THROUGH THE WRINGER: A Menagerie of Sorts With Marlena Frank
Bestselling Fantasy author Marlena Frank released the highly-anticipated sequel in the Stolen Series, entitled BROKEN, earlier this month. Today we chat with her about her journey writing sequels, the importance of writerly community, and penning her darkest scenes yet in Shaleigh Mallot's fantastical kingdom of the Garden.
Your sequel to STOLEN, entitled BROKEN, released early April with The Parliament House Press. Congratulations on book two! What is your literary journey like while writing sequels? How is it different from writing book one? Thank you so much! I’m so thrilled to have Broken out in the world and am so excited to share the continuation of Shaleigh’s (shah-LAY) journey. I can now attest that it is indeed more difficult to write book 2 than book 1. I think part of that problem is the pressure to create a book that is as good if not better than the first installment. There’s the misconception of sequels always being worse than the first, and we always see that mentioned in book and film series. I worked hard to prevent that. In addition to the pressure, there’s a big difference in the storyline and character development in Broken compared to Stolen. While character arcs happen in Stolen, there is also a lot of world-building and wonder. I introduce a lot of places, beings, and magic in the first book that I can build on in book 2. While there is still a lot to see in Broken, the framework of the world is already there, and I’m just building on top of it. There’s much more weight on the characters and their journeys rather than that wonder factor of being in such a surreal world or encountering new creatures. In many ways, it’s similar to Stolen regarding themes and struggles, but it’s also a different story entirely.
Is there a scene in either Stolen or Broken that made you cry while writing it? How about the scene that made you laugh the hardest? Oh wow, definitely! In Broken, there’s a scene toward the end of the book that just brought me near to tears. When I was writing it, a particular song, “On the Nature of Daylight,” came on. Afterwards when that song showed up in my playlist, I kept having my characters contemplate that scene. In many ways the song reflected that moment. Unconscious reflection is so important in books, and helps breath life into characters. I’m experiencing it the same moment the character is, and we share that with the reader. There’s one hilarious scene in Stolen that actually wasn’t included until my amazing editor Rae (@ANewLookOnBooks on Instagram) recommended including something with Mawr. She wanted to know what was happening with him while Shaleigh was carrying the main plotline. So I wrote a piece about trying to get measured for glasses, and it makes me smile every time I read it. Mawr is just his shy, fearful self in that moment, and Colin gets “volun-told” to do something he’s really not too sure about. It’s fantastic!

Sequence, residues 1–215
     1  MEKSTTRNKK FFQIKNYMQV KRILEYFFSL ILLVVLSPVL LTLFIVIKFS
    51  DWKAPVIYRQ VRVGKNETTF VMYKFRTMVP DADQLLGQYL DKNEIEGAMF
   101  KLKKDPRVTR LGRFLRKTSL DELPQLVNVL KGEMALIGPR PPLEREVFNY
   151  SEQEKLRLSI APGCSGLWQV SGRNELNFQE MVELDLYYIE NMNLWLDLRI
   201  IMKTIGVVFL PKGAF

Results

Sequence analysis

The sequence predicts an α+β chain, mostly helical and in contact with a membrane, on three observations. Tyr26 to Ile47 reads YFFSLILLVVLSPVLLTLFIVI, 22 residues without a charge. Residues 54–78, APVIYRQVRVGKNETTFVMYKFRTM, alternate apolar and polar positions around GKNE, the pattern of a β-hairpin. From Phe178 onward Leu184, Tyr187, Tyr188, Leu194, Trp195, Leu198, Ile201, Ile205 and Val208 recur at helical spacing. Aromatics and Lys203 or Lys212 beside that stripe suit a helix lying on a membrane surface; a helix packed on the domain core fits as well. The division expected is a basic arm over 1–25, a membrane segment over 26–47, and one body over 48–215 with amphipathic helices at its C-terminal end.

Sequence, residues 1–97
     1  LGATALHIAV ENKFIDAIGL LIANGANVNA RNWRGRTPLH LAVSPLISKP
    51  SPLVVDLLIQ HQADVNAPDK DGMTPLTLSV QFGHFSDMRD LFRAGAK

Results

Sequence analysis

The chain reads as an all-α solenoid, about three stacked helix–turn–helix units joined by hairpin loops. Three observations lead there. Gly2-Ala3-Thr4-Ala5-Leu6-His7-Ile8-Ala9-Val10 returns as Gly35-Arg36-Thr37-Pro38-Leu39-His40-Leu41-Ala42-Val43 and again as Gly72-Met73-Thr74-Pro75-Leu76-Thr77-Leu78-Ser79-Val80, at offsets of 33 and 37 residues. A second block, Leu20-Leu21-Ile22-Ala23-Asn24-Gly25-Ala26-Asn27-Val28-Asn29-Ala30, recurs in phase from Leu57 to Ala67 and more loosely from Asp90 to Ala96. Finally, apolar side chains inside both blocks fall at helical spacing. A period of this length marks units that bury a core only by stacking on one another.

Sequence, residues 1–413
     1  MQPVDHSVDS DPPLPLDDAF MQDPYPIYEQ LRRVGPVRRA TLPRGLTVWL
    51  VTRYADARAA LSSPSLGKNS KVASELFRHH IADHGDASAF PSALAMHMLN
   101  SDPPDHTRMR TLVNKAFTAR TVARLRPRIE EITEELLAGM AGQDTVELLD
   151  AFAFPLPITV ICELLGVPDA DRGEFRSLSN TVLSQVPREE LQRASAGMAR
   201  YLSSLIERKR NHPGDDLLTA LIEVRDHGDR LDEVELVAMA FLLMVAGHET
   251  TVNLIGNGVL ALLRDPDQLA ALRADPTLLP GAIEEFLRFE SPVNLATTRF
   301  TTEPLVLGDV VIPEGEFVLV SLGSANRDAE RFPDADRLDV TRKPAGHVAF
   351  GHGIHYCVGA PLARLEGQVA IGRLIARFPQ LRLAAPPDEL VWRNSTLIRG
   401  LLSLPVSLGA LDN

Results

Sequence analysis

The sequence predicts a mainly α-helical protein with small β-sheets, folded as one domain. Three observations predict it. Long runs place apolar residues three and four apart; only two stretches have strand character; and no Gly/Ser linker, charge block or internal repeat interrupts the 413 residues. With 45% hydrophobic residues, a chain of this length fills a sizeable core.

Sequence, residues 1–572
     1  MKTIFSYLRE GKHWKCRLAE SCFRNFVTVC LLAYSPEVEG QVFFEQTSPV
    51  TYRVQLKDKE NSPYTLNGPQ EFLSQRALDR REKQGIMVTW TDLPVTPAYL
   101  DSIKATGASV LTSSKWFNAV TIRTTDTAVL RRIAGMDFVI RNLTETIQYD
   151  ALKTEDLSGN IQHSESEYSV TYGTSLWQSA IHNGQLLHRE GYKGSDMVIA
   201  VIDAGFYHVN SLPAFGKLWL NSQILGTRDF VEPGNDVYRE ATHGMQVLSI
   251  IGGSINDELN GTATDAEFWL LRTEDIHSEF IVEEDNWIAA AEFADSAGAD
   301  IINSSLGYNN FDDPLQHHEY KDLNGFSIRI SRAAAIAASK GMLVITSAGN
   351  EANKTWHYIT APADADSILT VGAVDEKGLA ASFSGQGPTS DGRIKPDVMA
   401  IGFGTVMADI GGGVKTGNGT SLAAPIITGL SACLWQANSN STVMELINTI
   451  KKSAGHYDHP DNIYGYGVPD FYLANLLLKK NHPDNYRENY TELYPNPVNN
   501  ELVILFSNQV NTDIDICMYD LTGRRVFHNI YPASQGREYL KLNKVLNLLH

Would you consider your protagonist, Shaleigh, a good person? Be honest. I do consider her a good person overall. She has really good intentions even if sometimes she makes bad decisions and loses her temper. She’s also a little too manipulative for her own good, but that’s how she’s had to survive growing up. She’s independent and thinks she knows what’s best, when truthfully she doesn’t. She’s even cruel at times, but deep down she is a very good person doing her best with what she has to deal with. She is not at all perfect, but she tries her best. She has a lot on her shoulders and as the story progresses, she learns not only how to carry that weight easier but also how to share the load with others. She grows as a leader and as a person.
How does a big ego help writers? How can it hinder writers, if at all? Well to be able to promote your own work, you need to have some kind of ego. You have to be able to talk about your book and market it not only via email or on social media, but also in person at shows and book signings. It’s not easy, and is honestly something that I’m still trying to get better at. At the other end of the spectrum, humility goes a long way too. You have to be humble to accept criticism, to constantly try to improve your work, and to admit when you don’t know everything. As an author you’re constantly having to become a subject matter expert, so that’s very important. However if you’re too humble to accept praise when it’s given to you, you can seem unapproachable or rude. It’s a very fine line to walk as an author, and you’re always second-guessing your decisions. I’ve gotten better at giving a quick thanks and moving forward, but I’m still working on it. I’ve gotten better at accepting praise and criticism of my work, because it’s all valid. People are allowed to have opinions and no piece of writing is perfect. It’s difficult to accept at times as an author because we pour so much of ourselves into our words, but it’s important to learn how a piece of writing fits into other perspectives too. For me, it’s an ongoing process and I’m constantly reminding myself that I need to put myself out there more.